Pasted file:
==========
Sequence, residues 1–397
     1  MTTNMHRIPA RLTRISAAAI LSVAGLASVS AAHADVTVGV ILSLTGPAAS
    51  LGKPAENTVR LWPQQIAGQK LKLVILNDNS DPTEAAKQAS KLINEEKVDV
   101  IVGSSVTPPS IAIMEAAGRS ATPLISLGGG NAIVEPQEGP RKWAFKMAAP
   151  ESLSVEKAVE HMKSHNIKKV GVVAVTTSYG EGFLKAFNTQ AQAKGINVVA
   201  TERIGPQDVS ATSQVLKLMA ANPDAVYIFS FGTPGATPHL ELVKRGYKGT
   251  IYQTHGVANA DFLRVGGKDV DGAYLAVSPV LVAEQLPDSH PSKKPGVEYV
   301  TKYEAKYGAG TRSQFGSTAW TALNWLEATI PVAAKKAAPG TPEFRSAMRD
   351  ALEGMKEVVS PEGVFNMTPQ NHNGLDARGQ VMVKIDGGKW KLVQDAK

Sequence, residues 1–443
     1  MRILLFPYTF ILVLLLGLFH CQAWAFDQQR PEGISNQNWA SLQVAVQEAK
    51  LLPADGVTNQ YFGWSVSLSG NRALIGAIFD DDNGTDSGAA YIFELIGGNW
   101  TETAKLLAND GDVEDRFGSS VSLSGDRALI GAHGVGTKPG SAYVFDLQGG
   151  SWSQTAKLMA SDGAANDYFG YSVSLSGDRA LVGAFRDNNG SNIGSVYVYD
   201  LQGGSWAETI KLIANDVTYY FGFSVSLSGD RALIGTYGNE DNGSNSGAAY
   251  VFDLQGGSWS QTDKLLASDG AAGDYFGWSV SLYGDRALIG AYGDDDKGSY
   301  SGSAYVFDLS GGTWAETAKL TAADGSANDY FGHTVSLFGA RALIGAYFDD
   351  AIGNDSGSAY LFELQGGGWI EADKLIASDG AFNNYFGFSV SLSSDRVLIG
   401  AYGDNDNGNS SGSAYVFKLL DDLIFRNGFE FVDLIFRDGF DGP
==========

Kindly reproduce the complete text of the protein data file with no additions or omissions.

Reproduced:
Sequence, residues 1–397
     1  MTTNMHRIPA RLTRISAAAI LSVAGLASVS AAHADVTVGV ILSLTGPAAS
    51  LGKPAENTVR LWPQQIAGQK LKLVILNDNS DPTEAAKQAS KLINEEKVDV
   101  IVGSSVTPPS IAIMEAAGRS ATPLISLGGG NAIVEPQEGP RKWAFKMAAP
   151  ESLSVEKAVE HMKSHNIKKV GVVAVTTSYG EGFLKAFNTQ AQAKGINVVA
   201  TERIGPQDVS ATSQVLKLMA ANPDAVYIFS FGTPGATPHL ELVKRGYKGT
   251  IYQTHGVANA DFLRVGGKDV DGAYLAVSPV LVAEQLPDSH PSKKPGVEYV
   301  TKYEAKYGAG TRSQFGSTAW TALNWLEATI PVAAKKAAPG TPEFRSAMRD
   351  ALEGMKEVVS PEGVFNMTPQ NHNGLDARGQ VMVKIDGGKW KLVQDAK

Sequence, residues 1–443
     1  MRILLFPYTF ILVLLLGLFH CQAWAFDQQR PEGISNQNWA SLQVAVQEAK
    51  LLPADGVTNQ YFGWSVSLSG NRALIGAIFD DDNGTDSGAA YIFELIGGNW
   101  TETAKLLAND GDVEDRFGSS VSLSGDRALI GAHGVGTKPG SAYVFDLQGG
   151  SWSQTAKLMA SDGAANDYFG YSVSLSGDRA LVGAFRDNNG SNIGSVYVYD
   201  LQGGSWAETI KLIANDVTYY FGFSVSLSGD RALIGTYGNE DNGSNSGAAY
   251  VFDLQGGSWS QTDKLLASDG AAGDYFGWSV SLYGDRALIG AYGDDDKGSY
   301  SGSAYVFDLS GGTWAETAKL TAADGSANDY FGHTVSLFGA RALIGAYFDD
   351  AIGNDSGSAY LFELQGGGWI EADKLIASDG AFNNYFGFSV SLSSDRVLIG
   401  AYGDNDNGNS SGSAYVFKLL DDLIFRNGFE FVDLIFRDGF DGP